Flow transition to turbulence in the wake of a circular cylinderSteady incoming flow past a long bluff body is one of the most classical problems in fluid mechanics. In addition to its fundamental significance, this scenario also has various practical applications involving bluff bodies such as offshore platforms and subsea pipelines. In this project, the transition to turbulence in the wake of a circular/square cylinder has been investigated through direct numerical simulations (DNS). Specifically, two main topics have been studied: (i) the wake instabilities of a circular cylinder placed near a plane wall (e.g. the practical scenario of subsea pipelines laid on the seabed), and (ii) the wake transition of a square cylinder, where the influence of the cylinder geometry (circular versus square) is studied
Principal investigatorHongyi Jiang firstname.lastname@example.org
Area of scienceApplied Science, Chemistry, Fluid Mechanics
Applications usedOpenFOAM, Nektar++
For the first topic, the wall-bounded boundary layer flow is studied, and the influence on the hydrodynamic forces on the cylinder is examined. This will guide the practical design of subsea pipelines and cables, which is beneficial to Australia’s oil and gas industry. For the second topic, the influence of the cylinder geometry (circular versus square) on the flow characteristics is studied.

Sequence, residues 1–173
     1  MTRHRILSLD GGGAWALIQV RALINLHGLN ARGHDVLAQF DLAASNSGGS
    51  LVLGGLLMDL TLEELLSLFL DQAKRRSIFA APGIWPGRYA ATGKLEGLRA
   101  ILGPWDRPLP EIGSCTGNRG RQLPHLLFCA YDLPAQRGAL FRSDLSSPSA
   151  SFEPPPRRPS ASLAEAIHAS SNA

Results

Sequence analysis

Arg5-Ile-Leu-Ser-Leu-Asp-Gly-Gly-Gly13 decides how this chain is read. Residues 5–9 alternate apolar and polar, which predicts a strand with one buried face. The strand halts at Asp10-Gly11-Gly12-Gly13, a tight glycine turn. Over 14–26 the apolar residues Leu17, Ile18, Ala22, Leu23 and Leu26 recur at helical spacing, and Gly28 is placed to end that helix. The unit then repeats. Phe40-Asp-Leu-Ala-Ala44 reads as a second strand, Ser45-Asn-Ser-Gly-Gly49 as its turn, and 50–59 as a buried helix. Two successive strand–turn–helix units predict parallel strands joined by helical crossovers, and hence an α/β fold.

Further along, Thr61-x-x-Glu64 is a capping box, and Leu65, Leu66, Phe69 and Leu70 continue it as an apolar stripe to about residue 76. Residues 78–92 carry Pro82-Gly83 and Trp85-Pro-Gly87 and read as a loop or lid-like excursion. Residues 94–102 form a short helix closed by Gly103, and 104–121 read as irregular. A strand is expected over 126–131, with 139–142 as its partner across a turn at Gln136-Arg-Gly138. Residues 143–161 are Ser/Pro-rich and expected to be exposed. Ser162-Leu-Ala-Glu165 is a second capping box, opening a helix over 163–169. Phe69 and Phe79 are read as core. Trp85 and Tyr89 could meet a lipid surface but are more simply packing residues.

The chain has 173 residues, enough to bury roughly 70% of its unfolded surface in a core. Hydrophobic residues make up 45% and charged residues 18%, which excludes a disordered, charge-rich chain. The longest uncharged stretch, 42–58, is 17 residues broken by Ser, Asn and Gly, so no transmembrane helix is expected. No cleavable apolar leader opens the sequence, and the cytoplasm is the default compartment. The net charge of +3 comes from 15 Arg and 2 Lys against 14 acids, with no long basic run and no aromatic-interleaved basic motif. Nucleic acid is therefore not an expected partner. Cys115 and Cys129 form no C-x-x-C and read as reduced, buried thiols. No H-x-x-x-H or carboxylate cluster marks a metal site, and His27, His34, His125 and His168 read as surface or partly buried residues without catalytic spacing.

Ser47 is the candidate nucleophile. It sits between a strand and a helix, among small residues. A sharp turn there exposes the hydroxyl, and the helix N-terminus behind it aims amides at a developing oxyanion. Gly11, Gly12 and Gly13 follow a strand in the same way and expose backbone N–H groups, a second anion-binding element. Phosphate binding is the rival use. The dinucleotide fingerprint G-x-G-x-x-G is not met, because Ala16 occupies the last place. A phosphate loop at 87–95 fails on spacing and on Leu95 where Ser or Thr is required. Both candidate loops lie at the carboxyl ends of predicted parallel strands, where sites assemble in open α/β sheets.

To investigate the transient and unstable wake flows of a circular/square cylinder, three-dimensional direct numerical simulations (DNS) are used. High-quality 3D DNS are extremely time-consuming. High computational mesh resolution and long flow time are necessary to capture the flow characteristics. Even by using the supercomputers, this would require a significant amount of computational time. For example, the computational cost for a typical case (at Reynolds number of 1000) on a Cray XC40 supercomputer Magnus up to ~ 400 vortex shedding cycles is ~ 50,000 core hours
Direct numerical simulation (DNS) has been adopted for the study of the flow characteristics in the wake of a circular/square cylinder. The numerical simulations were run on Magnus. By analysing the simulated data, a number of flow characteristics have been revealed and the underlying physical mechanisms have been unveiled.
The resources provided by the Pawsey Supercomputing Centre enabled the expensive 3D numerical simulations to be carried out. In particular, the use of Magnus allows large-scale simulations to be carried out with highly parallelised computation (~ 200 – 500 cores).
Two high-quality journal papers and one conference paper have been published in 2018 based on this project, with the acknowledgement of the Pawsey Supercomputing resources.
List of Publications
1. Jiang, H., Cheng, L., 2018. Hydrodynamic characteristics of flow past a square cylinder at moderate Reynolds numbers. Physics of Fluids 30, 104107.
2. Jiang, H., Cheng, L., An, H., 2018. Three-dimensional wake transition of a square cylinder. Journal of Fluid Mechanics 842, 102–127.
3. Tong, F., Cheng, L., An, H., Griffiths, T., 2018. Hydrodynamics on circular cylinder close to a wall: Effects from wall boundary layers. Proceedings of the International Conference on Offshore Mechanics and Arctic Engineering – OMAE